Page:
Basic Guide to Improving a Child's Classroom Behavior

Daycare is not just about playtime, numbers, and the alphabet. It is where children come to learn about the foundation for behavioral skills that are important for success in a classroom setting. This task must be entrusted to a professional with the qualities of an early childhood educator.

Choosing the right daycare or preschool will ensure that your child learns how to interact with other children and people. 

 Academy of Excellence Daycare | Important Behavioral Skills Your Child Needs to Learn

 As mentioned previously, academics are important, but your child’s behavior is just as relevant!

 Some of the non-academic or behavioral skills that your child needs to learn includes:

 Keeping hands to themselves

  • Being calmly in a group
  • Following rules, instructions, and routines
  • Controlling impulsive behavior
  • Taking turns

 If your child can learn these behaviors, then they will have a better experience in the classroom. If all the children in the class develop these skills, a harmonious classroom is almost guaranteed!

 Ways to Improve Classroom Behavior

 Pre-school classes are full of children adjusting to a new setting. It takes skills and the qualities of an early childhood educator to improve a child’s behavior in class. 

 Here are some ways to help children improve their classroom behavior:

 Frontloading 

 This method is straightforward– it simply means telling the children what they need to do ahead of time. Academy of Excellence Daycare observes that this literary technique is also effective when teaching behavioral skills.

 Both educators and parents can play a part in frontloading the information and relaying the message to the child.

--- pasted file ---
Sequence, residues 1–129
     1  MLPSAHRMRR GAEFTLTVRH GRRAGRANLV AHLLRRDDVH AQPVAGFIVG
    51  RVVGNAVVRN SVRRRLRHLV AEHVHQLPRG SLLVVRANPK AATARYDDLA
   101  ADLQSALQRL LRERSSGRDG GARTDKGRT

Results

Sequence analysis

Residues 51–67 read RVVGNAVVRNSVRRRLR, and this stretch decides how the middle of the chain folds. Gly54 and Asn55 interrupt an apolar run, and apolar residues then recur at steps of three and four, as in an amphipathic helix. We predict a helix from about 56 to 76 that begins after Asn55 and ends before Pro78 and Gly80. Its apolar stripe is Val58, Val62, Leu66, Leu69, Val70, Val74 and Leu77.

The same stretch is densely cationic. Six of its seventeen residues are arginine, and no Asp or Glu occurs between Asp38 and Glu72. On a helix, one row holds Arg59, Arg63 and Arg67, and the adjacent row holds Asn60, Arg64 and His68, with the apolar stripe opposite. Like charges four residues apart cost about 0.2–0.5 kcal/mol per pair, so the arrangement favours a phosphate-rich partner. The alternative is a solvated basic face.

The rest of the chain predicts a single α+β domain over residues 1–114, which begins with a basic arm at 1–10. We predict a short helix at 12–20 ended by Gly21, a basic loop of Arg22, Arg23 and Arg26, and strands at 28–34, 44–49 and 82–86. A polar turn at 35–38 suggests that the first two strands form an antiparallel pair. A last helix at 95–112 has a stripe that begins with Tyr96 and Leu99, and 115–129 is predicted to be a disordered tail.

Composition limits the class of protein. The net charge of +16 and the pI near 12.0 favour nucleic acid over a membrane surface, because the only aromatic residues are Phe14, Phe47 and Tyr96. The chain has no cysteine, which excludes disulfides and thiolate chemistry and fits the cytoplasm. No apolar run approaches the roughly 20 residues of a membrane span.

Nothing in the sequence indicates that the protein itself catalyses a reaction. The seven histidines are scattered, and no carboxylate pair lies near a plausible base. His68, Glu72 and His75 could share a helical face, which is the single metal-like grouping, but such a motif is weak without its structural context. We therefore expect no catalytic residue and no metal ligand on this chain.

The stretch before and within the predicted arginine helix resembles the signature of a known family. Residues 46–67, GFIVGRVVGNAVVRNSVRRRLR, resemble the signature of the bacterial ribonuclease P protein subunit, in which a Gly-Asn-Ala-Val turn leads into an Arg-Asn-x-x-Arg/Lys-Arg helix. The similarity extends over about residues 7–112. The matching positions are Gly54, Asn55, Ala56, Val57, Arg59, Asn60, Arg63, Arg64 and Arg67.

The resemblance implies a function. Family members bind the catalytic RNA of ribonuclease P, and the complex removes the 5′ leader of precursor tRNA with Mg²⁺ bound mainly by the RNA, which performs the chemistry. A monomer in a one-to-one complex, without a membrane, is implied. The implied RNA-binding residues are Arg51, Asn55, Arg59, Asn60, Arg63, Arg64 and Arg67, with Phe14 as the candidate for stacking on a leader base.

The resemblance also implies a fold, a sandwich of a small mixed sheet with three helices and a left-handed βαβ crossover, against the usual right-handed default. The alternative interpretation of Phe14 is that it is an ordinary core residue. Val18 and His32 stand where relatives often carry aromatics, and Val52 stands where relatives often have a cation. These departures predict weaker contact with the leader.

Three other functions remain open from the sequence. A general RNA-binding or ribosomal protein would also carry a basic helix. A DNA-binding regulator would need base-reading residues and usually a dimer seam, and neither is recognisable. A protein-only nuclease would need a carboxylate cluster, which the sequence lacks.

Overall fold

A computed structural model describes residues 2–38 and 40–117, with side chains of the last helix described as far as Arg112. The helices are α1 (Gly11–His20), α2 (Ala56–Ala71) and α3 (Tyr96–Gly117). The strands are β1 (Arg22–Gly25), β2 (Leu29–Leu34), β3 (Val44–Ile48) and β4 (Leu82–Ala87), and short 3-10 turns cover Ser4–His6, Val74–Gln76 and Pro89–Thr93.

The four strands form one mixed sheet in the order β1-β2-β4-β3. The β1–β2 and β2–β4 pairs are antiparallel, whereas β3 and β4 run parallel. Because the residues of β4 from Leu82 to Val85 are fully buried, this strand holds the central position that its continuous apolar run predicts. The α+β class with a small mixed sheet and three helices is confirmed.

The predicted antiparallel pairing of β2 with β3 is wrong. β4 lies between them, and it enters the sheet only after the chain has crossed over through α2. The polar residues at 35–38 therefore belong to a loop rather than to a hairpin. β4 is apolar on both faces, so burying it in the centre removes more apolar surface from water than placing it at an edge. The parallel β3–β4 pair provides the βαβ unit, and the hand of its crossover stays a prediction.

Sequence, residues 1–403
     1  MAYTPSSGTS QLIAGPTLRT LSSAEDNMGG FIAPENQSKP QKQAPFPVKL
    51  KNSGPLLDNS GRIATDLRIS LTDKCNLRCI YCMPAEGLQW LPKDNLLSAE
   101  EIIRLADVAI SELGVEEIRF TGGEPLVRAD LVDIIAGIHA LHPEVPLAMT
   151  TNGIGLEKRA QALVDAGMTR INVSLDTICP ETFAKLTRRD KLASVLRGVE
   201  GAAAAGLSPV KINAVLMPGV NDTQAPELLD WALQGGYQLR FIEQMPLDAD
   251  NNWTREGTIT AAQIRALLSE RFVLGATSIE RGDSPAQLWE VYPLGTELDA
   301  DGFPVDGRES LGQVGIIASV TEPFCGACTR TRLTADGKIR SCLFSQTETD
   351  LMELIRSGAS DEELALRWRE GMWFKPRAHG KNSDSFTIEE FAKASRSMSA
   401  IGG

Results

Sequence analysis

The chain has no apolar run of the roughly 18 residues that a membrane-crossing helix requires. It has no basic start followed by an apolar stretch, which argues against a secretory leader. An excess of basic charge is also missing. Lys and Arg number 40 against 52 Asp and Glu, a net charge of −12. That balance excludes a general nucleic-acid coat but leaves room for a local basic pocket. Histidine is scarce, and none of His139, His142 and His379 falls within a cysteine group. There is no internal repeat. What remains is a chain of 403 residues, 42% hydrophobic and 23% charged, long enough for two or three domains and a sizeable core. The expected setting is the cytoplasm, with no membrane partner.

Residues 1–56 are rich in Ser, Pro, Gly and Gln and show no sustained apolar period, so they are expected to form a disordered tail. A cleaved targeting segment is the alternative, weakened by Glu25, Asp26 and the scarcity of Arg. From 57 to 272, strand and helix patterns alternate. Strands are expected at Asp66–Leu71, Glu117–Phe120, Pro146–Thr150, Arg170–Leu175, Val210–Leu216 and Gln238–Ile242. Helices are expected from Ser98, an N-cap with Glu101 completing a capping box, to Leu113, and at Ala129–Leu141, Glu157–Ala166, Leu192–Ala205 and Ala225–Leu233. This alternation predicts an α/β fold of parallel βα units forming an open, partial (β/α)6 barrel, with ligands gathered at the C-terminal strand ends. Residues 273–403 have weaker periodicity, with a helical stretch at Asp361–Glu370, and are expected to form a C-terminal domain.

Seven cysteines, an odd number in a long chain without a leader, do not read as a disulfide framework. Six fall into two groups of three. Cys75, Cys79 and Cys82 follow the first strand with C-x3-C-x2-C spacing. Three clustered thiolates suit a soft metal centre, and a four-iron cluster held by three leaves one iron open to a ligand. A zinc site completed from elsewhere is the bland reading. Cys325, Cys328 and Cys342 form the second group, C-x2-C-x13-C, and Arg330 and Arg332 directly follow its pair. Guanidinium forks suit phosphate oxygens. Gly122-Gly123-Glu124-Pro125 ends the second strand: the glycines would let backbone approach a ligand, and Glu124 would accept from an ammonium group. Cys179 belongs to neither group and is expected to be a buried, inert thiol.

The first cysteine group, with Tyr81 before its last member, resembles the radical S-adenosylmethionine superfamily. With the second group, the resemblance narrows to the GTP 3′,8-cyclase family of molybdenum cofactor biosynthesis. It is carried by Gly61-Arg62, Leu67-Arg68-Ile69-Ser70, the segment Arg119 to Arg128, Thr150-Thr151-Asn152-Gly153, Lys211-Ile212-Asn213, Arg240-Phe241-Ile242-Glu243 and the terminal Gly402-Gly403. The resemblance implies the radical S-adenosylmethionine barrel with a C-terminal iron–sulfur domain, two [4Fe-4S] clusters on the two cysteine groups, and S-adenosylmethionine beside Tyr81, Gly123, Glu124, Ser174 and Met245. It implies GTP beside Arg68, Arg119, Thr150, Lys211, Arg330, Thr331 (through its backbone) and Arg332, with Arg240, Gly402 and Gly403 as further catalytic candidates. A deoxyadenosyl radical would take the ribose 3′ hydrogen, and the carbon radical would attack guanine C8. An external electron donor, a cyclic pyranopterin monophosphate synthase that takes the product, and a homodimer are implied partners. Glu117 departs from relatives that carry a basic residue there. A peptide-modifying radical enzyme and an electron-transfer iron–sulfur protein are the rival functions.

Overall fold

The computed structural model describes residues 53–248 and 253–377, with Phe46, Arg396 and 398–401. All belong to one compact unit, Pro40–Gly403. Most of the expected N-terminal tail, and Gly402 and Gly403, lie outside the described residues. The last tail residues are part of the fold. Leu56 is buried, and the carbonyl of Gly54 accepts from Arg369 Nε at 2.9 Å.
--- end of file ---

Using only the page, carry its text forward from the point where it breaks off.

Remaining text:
Here is how it’s done:

 Explain an activity that you are about to do. For instance, “We will be coloring some pictures”.

  1. The next step is to let them know what you expect from them. For example, “While you are all coloring, everyone should stay in their seats. Use your inside voice if you need to ask your classmates anything, and raise your hands if you need my help”.
  2. Now, you can tell them what comes after the activity. For instance, “After you are done, you can give your work to me. Then we are going to wait for the rest of your friends to finish their art too”.

 This method works with a lot of activities. If this method is used repeatedly, the kids will be familiar with the rules and might even help you enforce them!

 Visual Cues

 Most people are visual learners– and this is very true for children. So instead of saying, try showing. For example, if the class is too loud, instead of shouting and adding to the noise– you can use your hand to make a gesture implying that they should be quieter. You can also hold a finger to your lips.

 Role Play

 If the kids in the class are having a hard time with certain behaviors, you can use toys to role-play the situation you want them to understand. You can ask one of the kids to take the role of the teacher and mimic the behavior you want to correct.

 Here is how you can do it:

 Start by making sure that the child understands what the issue is by clearly stating it. You can say “I have a problem, can you help me solve it?”

  1. Then you need to assign someone to be a teacher.
  2. Act out the behavior you want the kids to stop doing.
  3. Ask the student how they think they can solve the problem.
  4. Once they give you the right answer. Let them know that they can use that solution to help you out.

 Bottomline

 Learning language and communication is important, but do not forget that understanding emotions and knowing how to behave at any point of time are also essential skills for children to learn.